Movie review: FLORENCE FOSTER JENKINS
By Rosalie Tirella
We first meet Florence Foster Jenkins, Meryl Streep, hanging precariously from a pulley on a stage that she, with all her millions $$$, has paid to commandeer … to entertain, enthrall, bewitch and terrify her legions of fans! Before an adoring audience of hundreds Madame Florence is “Inspiration,” a fat, late-middle-aged angel dressed in a white gown, huge feathered wings attached to her shoulders, ever so slowly lowered by stage hands, five strapping men straining to keep her airborne … She hovers two inches above the shoulders of an actor portraying Stephen Foster. She is there to inspire him. Foster is tinkling the ivories, vainly searching for an American tune. With a tap of Inspiration’s fingers on his shoulder Foster gets the gentle nudging he needs to complete his racist classic …
The master of ceremonies to this musical debacle is Madame Florence’s “husband,” her beloved cheerleader, handler and enabler, St. Clair Bayfield, played by the still gorgeous and dashing Hugh Grant. St. Clair has been kept by the deluded and good-hearted, and let’s be honest – really fun! – Florence for 25 years. That is as long as St. Clair indulges her every catastrophic musical whim, such as keeping her on stage, booking her singing lessons with famous voice teachers who inwardly wince at every flat note, orchestrating his wife’s famous sandwich- and potato-salad laden luncheons for her music club – the Verdi Club – and pretending Florence is MAGNIFICENT – even when she’s awful. Seconding that emotion: Yes! She’s MAGNIFICENT enough to play Carnegie Hall!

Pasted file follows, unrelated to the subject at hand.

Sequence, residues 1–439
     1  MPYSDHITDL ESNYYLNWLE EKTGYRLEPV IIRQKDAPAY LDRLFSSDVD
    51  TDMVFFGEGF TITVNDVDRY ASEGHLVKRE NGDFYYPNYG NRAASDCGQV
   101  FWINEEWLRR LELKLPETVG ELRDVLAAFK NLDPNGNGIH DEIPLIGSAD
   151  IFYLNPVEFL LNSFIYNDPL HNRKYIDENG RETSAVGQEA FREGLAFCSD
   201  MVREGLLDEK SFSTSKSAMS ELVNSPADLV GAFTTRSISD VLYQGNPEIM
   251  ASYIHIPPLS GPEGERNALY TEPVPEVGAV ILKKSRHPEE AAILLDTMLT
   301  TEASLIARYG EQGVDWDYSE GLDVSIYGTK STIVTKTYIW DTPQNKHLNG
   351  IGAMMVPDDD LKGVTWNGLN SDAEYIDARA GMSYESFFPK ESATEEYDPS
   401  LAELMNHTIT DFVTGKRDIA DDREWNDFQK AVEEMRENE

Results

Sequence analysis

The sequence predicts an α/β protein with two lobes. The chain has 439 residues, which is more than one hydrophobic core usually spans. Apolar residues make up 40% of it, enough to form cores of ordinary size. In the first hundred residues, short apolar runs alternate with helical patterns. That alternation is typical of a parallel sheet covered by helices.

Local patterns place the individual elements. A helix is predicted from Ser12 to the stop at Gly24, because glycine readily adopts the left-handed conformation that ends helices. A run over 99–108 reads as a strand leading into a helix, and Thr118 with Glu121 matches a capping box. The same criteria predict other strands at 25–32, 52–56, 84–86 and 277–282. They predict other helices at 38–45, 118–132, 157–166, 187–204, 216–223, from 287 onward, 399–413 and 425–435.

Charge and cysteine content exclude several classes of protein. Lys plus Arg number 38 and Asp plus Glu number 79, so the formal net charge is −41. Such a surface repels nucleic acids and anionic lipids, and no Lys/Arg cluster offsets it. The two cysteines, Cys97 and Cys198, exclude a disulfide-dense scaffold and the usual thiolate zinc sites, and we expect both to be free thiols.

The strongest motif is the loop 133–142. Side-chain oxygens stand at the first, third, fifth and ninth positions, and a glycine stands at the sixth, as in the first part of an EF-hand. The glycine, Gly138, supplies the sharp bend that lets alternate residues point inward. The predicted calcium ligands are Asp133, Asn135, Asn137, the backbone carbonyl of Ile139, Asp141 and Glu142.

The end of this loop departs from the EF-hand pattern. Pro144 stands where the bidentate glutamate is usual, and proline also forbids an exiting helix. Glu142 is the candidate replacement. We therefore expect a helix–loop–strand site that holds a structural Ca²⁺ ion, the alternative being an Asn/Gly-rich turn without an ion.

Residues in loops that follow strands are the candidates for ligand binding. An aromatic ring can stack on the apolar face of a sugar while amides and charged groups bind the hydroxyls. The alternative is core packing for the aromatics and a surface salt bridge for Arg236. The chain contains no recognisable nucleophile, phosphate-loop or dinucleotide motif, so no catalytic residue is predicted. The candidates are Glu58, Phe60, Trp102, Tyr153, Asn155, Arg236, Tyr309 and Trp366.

Truth? St. Clair’s got a beautiful young mistress waiting for him every night in his downtown apartment – the one that Florence pays the rent on. But the couple are united in their love of the arts – “they have an understanding” as Grant whispers to their young new pianist. And the smooth St. Clair has such a solicitous way about him! He IS sweet, always gentle, loving and tender with Florence. You believe she is his life. Yes, he would be nothing without Florence. He is a worse actor and monologist than his wife is an opera singer, but Florence gets him on stage often enough to recite his Shakespeare with melodramatic flair. He loves the stage lights, too.